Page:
Please allow me a moment:
"One teacher can't change this," she said, adding, "Maybe you should just give in a little." This senior girl sat across from me, her SAT prep book opened on the cafeteria table scribbled with something about someone. Maybe I shouldn't have let her hear my annoyance with the group of students crushing pretzels and making fake cocaine lines on the table behind us. It isnt' the first time I've worn my emotions on my sleeve--it's a weakness of mine.
"If it bothers you so much, why do you keep teaching here," she asked. And its a complicated question to answer. Do these underperforming students in a largely forgotten district deserve caring and dedicated teachers? Yes. Can I be that for them? I am beginning to wonder.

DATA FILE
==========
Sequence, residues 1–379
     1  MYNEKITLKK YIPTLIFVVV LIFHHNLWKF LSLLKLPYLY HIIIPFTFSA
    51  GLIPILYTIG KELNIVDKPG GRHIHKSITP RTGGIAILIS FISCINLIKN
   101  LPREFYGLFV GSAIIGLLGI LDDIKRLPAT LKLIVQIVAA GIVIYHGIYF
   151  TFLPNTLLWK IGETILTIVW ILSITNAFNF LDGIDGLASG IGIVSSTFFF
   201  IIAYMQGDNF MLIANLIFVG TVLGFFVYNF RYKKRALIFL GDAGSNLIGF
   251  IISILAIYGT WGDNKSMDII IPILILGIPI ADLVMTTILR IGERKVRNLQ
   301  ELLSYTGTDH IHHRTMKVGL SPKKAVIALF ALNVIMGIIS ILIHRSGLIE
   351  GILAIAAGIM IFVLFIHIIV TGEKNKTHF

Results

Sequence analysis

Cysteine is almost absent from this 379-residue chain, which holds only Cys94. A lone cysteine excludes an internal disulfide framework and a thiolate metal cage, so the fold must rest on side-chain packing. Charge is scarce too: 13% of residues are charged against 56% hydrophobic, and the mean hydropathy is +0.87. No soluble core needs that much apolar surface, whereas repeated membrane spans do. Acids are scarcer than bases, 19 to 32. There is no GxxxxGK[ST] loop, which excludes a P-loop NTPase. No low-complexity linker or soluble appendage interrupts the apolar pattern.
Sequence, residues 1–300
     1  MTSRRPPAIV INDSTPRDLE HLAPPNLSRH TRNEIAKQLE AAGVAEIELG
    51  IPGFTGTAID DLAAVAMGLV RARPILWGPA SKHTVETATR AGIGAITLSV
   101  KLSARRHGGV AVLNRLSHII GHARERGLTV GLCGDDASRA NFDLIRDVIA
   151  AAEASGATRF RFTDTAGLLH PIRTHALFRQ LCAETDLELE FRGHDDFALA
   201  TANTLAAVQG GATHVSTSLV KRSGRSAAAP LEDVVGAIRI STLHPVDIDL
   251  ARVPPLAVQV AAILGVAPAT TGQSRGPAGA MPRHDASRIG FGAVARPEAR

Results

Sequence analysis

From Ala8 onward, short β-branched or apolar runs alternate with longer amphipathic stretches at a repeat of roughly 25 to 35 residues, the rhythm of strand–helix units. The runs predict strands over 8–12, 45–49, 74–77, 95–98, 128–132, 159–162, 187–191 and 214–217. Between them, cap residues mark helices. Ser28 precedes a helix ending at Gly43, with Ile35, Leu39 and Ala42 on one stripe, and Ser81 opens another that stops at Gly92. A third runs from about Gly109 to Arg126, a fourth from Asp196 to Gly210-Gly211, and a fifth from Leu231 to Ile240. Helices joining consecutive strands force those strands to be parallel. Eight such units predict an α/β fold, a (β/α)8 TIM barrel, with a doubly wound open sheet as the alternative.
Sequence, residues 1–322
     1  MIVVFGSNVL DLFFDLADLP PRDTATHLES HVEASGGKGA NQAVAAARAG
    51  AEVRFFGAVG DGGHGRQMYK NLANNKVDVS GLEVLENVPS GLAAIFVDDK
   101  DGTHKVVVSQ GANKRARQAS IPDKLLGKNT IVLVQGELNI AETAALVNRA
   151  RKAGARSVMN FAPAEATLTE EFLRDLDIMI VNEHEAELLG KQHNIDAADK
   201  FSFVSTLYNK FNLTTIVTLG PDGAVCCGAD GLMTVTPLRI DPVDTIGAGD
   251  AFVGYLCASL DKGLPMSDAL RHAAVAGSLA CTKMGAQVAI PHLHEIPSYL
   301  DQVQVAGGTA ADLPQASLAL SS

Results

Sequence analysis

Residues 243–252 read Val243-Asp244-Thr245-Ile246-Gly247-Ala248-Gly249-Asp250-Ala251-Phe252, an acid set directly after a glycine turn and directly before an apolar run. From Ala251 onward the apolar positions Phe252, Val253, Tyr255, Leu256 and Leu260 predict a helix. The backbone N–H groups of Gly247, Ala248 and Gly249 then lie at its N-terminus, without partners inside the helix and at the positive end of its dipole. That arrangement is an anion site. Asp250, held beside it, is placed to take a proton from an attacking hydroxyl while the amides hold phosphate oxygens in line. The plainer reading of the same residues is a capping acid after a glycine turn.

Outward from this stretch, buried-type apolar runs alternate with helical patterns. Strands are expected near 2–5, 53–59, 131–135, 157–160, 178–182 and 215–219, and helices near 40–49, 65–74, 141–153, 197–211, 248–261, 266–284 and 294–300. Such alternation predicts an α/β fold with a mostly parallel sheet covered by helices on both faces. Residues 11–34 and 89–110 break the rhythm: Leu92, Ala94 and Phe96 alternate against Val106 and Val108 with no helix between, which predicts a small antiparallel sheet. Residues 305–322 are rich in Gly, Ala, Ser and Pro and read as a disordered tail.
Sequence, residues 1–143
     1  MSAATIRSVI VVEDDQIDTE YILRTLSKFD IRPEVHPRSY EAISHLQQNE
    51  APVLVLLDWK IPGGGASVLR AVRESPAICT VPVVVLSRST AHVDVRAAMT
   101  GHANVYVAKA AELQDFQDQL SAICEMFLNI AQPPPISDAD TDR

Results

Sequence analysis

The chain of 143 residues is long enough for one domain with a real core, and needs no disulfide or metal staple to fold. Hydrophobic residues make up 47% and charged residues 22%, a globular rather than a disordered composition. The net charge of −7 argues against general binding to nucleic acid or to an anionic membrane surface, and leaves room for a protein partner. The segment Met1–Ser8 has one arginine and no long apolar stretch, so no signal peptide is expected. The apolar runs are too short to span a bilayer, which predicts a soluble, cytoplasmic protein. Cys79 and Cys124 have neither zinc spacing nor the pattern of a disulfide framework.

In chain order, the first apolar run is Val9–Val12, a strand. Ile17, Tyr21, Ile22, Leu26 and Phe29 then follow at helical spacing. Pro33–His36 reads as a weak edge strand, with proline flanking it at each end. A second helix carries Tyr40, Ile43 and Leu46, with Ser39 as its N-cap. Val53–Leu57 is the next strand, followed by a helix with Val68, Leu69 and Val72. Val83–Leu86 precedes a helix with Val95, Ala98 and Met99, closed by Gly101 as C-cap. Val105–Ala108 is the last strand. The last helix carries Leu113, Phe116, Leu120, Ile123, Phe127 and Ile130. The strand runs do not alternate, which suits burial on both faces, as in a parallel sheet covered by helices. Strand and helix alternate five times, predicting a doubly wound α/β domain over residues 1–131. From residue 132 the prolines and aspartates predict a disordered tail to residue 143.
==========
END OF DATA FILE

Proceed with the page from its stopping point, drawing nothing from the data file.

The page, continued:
I can't imagine that her attitude towards the school, her own annoyance with student behavior is clear, is limited to just a few. But is the writing on the wall? Can one teacher, two teachers, three...make a difference? With all that has been written lately about effective teachers and their ability to create change in a student's life, is it just smoke and mirrors?
Can a dysfunctional public urban school change? Will a state takeover make the difference? Fat chance. Will a lovey dovey cajole them along approach get them to behave more appropriately? So far, not really. Do high standards matter? Not if the students don't want them.
"Well, I guess you have three choices. You can leave; you can stay and be frustrated; or you can stay and give in." I wonder if those are the only options.